How Your Local Representatives In Congress Can Help You Navigate The VA

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AP Photo/The Tampa Bay Times, Jim Damaske

In 1992, when I was discharged from the Air Force, I had several serious medical issues dating back to my time in Saudi Arabia during Desert Storm; issues that forced me to take an early out from the Air Force. I went to the Orlando Veterans Affairs clinic within a few months after I got discharged to get help for my medical problems. From the beginning, it seemed I was hitting a brick wall. The doctor I saw for the chronic diarrhea I was having since 1991 looked me in the eye and said, “It’s all in your head.” Boy, that was laughable. All I could say was, “No, it’s not.” The doctors put me through various tests, but claimed the results only showed irritable bowels.


Around 1997, the intense bone pain I had since the day I received 21 vaccines to deploy had become so unbearable that I could barely walk. Ultimately, I was diagnosed with systemic lupus erythematosus, which resulted in severe pain in all of my major joints and muscles.

I tried to put forth my claim on my own for the first five years with little success. After I was diagnosed with lupus, I received a notice from the VA that I was only getting a 30% disability rating for irritable bowel syndrome and hypertension. It was broken down as 20% for chronic diarrhea and 10% for hypertension.  Since the VA claims office could not really explain why that was, I asked around and was given the advice to call my representative in Congress. I researched who that was for Orlando, Florida, and wrote a letter to Congressman Bill McCollum and Congresswoman Corrine Brown. McCollum, a Republican, was the first person I heard from. (Let me just say here: Regardless of your political affiliation it is well worth your time to contact all of the representatives for your district whether your political beliefs align or not.) He contacted the Orlando VA  to speak to my doctor and also contacted the director of the Tampa VA  to make sure that I was receiving the proper medical care and to get an explanation on why the ratings were so low initially.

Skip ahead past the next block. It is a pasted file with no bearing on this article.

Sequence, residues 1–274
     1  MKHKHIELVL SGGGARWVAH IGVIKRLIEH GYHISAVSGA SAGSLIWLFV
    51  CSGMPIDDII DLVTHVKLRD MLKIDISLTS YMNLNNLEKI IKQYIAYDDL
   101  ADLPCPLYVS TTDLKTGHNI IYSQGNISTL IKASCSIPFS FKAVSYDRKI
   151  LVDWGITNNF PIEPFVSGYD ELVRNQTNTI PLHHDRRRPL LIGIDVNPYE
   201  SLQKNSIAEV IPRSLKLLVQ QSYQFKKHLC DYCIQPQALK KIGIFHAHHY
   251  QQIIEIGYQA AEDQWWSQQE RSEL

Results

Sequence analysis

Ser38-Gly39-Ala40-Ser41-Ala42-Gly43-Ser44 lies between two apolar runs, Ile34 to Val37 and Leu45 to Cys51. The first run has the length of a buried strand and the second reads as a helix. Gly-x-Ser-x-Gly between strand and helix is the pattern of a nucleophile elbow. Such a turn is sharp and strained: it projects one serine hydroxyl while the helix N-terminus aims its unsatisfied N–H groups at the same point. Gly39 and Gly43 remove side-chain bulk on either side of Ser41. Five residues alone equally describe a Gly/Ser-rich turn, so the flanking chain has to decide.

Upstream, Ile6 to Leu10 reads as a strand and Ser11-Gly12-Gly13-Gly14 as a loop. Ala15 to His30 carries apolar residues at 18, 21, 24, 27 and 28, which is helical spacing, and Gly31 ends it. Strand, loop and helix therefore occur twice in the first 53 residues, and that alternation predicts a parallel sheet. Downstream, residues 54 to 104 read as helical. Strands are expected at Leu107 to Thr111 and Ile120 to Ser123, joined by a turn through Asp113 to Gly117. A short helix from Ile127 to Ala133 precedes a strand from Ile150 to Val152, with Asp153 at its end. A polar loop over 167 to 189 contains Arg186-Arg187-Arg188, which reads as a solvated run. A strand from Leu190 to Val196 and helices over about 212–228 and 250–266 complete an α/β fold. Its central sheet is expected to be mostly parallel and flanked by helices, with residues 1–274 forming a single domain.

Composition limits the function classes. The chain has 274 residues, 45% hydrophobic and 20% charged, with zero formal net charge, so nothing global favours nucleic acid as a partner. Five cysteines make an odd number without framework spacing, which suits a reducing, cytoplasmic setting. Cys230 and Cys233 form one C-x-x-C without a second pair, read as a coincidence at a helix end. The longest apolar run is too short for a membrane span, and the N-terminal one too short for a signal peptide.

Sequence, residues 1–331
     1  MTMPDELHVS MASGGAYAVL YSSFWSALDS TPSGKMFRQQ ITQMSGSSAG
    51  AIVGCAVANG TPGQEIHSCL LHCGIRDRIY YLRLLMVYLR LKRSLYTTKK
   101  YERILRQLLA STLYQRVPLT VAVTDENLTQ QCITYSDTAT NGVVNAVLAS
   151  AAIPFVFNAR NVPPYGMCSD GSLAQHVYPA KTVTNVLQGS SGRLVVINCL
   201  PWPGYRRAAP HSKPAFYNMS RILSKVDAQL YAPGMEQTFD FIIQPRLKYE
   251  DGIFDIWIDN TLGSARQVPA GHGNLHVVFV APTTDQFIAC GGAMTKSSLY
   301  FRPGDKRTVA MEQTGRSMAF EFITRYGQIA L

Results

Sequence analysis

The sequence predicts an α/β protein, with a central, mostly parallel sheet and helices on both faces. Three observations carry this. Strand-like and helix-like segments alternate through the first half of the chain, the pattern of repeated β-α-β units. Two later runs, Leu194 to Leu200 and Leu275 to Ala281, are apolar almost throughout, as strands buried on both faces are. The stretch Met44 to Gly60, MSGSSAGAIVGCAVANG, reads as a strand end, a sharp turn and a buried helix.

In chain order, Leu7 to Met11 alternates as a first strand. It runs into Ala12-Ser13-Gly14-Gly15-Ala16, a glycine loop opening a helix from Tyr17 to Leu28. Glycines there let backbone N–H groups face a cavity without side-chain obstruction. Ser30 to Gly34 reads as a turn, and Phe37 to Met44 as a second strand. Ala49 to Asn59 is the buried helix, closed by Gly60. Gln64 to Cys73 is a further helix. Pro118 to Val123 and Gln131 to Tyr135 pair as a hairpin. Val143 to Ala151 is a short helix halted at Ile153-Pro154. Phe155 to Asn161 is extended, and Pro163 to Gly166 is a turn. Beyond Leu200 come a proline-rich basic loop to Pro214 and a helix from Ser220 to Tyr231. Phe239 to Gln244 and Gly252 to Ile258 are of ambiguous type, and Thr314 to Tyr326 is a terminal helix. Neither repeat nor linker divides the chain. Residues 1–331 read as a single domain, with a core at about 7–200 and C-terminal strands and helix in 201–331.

For some years, I continued to do my own claims until I became too ill to finish my college degree and unable to sit at my desk. Further, my employer fired me for not being able to return to work after a lengthy absence. However, the VA claims officer who performed my medical exam said I didn’t have fibromyalgia from Desert Storm, so my claim was denied and I had to bring it to the VA Board of Appeals. The Disabled American Veterans organization helped me and I went before the judge, but she also denied my claim stating that there was not enough evidence for fibromyalgia. So I called Florida Sen. Bill Nelson and told his veterans affairs staff member what had happened and how I was denied. By this time, the veterans’ representative and Nelson knew me well because I had participated in a focus group that the senator had overseen on veterans’ issues in Orlando. The senator’s office contacted the regional claims office on my behalf.

Within one week, my claims case manager called me himself and asked me questions about my health and the lengthy history of my claims process. That certainly had never happened before. After that call, I knew I had done the right thing. Once the claims office identified my claim as being part of an official congressional inquiry, they made sure they had thoroughly reviewed my case.  Within one month, I received a letter stating that I would receive total compensation and unemployability.

Don’t be ashamed or scared to reach out. You have paid taxes, so it is your right to ask for help from your congressional representatives.

Your approved claim is waiting.

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Trump, locked in a battle with congressional Democrats that has led to a nearly month-long partial government shutdown, announced his trip via a pre-dawn tweet, saying he was going "to be with the families of 4 very special people who lost their lives in service to our Country!"

Trump told reporters on the South Lawn of the White House prior to departure that he planned to meet the families, a duty which he said "might be the toughest thing I have to do as president."

He was greeted by military staff at Dover Air Force Base after a short flight from Joint Base Andrews, but did not speak to reporters before entering his motorcade.

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Trump announced last month that he planned to speedily withdraw U.S. troops from Syria, but has since said it does not need to go quickly as he tries to ensure safety of Kurdish allies in northern Syria who are at risk of attack from neighboring Turkey.

Trump told reporters on Saturday that his Syria policy has made progress but that some work remained in destroying Islamic State targets. He defended his plans for a withdrawal.

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In addition to Wirtz, those who died during the Wednesday attack in Manbij, Syria, were Army Chief Warrant Officer Jonathan Farmer, 37, of Boynton Beach, Florida, and Navy Chief Cryptologic Technician Shannon Kent, 35, identified as being from upstate New York, the Department of Defense said in a statement.

The Pentagon did not identify the fourth person killed, a contractor working for a private company. U.S. media identified her as Ghadir Taher, a 27-year-old employee of defense contractor Valiant Integrated Services.

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